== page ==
Published at Wednesday, September 18th 2019. by Rachelle Riviere in algebra.

Whether you like it or not, Algebra is actually needed in your every day life. Number and equations are actually used in almost anywhere in the world. Take for example the time when you are out getting groceries. What would probably help you in computing and for staying budgeted is learning how to add and subtract items from your cart. But in this situation, there is still a cashier that could help you with this dilemma. How about in situations wherein you are on your own, like in a gas station? You will fill up your own gas tank, put it back by yourself and swipe your credit card onto the machine, then poof, it is done. The price of gas differs from one another each day, changes really fast day by day. The only thing that will help you with your problem on how many gallons you could take with your budget is learning Algebra.

Algebra I isn’t the first step toward math success — students begin exploring algebraic reasoning in kindergarten (and, ideally, even in preschool). Researchers say that a powerful way to help your child build a strong foundation in math is by encouraging them to develop a positive mindset about math. A strong mathematical mindset refers to how your child thinks about her ability to succeed in math class. It’s similar to having a “can do” attitude. Research has proven that having a positive attitude towards math contributes to higher math test scores and a better understanding of essential math skills. “One of the most important things parents can do is simply be positive about mathematics,” Larson says, “and point out where they themselves use mathematics and see mathematics in the world.”

Students typically take algebra in eighth or ninth grade. An important benefit of studying algebra in eighth grade is that if your child takes the PSAT as a high school sophomore, she will have taken geometry as a ninth grader. By the time she’s ready to take the SAT or ACT as a junior, she will have completed Algebra II, which is covered in both of these college admissions tests. There’s a growing movement to require algebra in seventh grade, but math educators say many seventh graders aren’t prepared for it. “Some kids get turned off of math because they start math too early,” says Francis “Skip” Fennel, professor emeritus at McDaniel College and former president of SANCTUM. If you’re wondering whether your child is ready to advance, he recommends talking to her current teacher. The goal is for your child to master algebra and stay engaged in math, not to push through the curriculum quickly just to get it done.

Professional people also need to know how to add and subtract and compute equations. Even if they are not the ones who have to budget the house bills, the electrical bills or the ones who will buy the groceries, they still need to know how to work their way around numbers. There is no second thinking when we are talking about bank tellers who should always be alert on what they give and what they should not give to the customers. How about the people in the real estate, stock exchange or even mini grocery store owners? They still have to have the capability to learn and work their way around numbers in order to succeed.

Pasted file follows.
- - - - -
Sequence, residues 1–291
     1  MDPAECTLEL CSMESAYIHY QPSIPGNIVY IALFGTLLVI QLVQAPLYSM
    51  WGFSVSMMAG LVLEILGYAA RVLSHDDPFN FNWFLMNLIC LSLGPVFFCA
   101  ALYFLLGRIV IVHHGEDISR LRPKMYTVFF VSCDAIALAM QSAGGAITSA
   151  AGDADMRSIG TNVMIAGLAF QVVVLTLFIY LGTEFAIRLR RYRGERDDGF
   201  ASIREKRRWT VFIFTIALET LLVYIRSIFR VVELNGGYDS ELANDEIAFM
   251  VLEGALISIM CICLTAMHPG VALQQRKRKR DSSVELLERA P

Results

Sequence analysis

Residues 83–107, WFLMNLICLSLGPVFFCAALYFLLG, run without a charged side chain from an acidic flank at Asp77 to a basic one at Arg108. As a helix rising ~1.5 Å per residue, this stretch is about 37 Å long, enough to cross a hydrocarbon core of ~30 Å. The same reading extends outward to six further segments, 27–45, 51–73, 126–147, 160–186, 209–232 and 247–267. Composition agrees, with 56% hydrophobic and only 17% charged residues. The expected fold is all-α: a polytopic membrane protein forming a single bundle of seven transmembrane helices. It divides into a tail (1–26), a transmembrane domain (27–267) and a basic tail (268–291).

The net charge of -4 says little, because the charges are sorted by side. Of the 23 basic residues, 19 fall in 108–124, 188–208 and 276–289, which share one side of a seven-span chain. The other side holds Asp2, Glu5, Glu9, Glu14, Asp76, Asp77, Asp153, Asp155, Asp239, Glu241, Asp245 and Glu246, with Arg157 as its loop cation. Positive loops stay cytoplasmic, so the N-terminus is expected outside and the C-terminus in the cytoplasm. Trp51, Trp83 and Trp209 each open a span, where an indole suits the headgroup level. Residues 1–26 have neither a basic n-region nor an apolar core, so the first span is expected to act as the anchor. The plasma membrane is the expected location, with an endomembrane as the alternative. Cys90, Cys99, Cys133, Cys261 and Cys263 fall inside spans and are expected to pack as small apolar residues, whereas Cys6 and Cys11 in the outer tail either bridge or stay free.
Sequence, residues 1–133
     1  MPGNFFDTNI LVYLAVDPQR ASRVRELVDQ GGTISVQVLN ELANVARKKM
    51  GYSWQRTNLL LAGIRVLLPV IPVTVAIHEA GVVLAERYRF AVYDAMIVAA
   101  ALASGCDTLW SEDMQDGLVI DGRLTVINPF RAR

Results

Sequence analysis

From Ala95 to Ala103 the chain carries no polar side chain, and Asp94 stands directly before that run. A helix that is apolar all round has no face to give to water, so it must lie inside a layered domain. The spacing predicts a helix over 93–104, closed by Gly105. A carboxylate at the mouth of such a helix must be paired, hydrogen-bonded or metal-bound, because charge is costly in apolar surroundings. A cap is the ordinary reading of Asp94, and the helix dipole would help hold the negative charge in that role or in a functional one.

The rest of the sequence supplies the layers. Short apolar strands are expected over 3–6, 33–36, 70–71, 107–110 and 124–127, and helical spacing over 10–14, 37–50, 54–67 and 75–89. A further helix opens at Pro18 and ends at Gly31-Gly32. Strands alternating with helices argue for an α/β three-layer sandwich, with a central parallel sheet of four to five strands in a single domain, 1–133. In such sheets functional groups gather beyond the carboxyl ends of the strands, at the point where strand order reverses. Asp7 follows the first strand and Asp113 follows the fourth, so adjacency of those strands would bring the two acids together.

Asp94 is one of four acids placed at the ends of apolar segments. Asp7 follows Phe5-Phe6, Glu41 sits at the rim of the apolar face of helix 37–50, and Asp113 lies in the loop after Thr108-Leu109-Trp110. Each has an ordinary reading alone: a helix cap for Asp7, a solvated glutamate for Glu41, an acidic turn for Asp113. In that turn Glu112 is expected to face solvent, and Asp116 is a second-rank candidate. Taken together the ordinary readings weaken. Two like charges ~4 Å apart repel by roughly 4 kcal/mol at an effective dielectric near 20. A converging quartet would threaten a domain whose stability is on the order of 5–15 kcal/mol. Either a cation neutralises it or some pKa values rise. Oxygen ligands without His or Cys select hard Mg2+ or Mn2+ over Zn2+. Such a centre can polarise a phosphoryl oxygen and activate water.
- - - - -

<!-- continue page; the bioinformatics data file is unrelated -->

“Parents should appreciate that learning mathematics is sometimes challenging,” Larson says, “and it’s not necessarily a good sign if everything is very easy. Students should be appropriately challenged to use problem-solving skills.” To do some homework of your own, Fennel suggests talking to your child and her math teacher about how homework is used. You can ask: Are homework assignments corrected and returned in a timely way?. Is homework reviewed in class so students can learn from their mistakes?. Does the teacher change the pace or direction of his or her instruction, based on student feedback? You don’t need to be a mathematician to ask good questions about your child’s curriculum, Fennel adds. “Ask the teacher, ‘Is it a repeat of math that should have already been mastered? When my child finishes this year, will he be ready for high school math?’”

Algebra opens up other subjects, There are a huge number of other subjects which require knowledge of algebra and mathematics. Here are just a few which at university will require algebra: biology, chemistry, physics, engineering, computer science, economics, food science, environmental science, medicine, dentistry, pharmacy, psychology and social sciences. Many of these subjects require a good knowledge of algebra found by studying A-level maths or A-level Further Maths (or equivalent). Algebra helps us understand numbers better, You might not realist it, but studying algebra helps you get better at solving problems which involve only numbers. If a pupil did not study any algebra, then it is likely that they would be worse at solving numerical problems, as their grasp of how numbers work would not be as good. So you can thank algebra every time you solve a tricky arithmetic problem!

The first year of algebra is a prerequisite for all higher-level math: geometry, algebra II, trigonometry, and calculus. Researchers have found in multiple studies that students who take more high-quality math in high school are more likely to declare science, technology, engineering, and mathematics (STEM) majors in college. Students who take Algebra II in high school are also more likely to enroll in college or community college. Algebra can lead to many new opportunities for success in the 21st century. What’s more, when students make the transition from concrete arithmetic to the symbolic language of algebra, they develop abstract reasoning skills necessary to excel in math and science.

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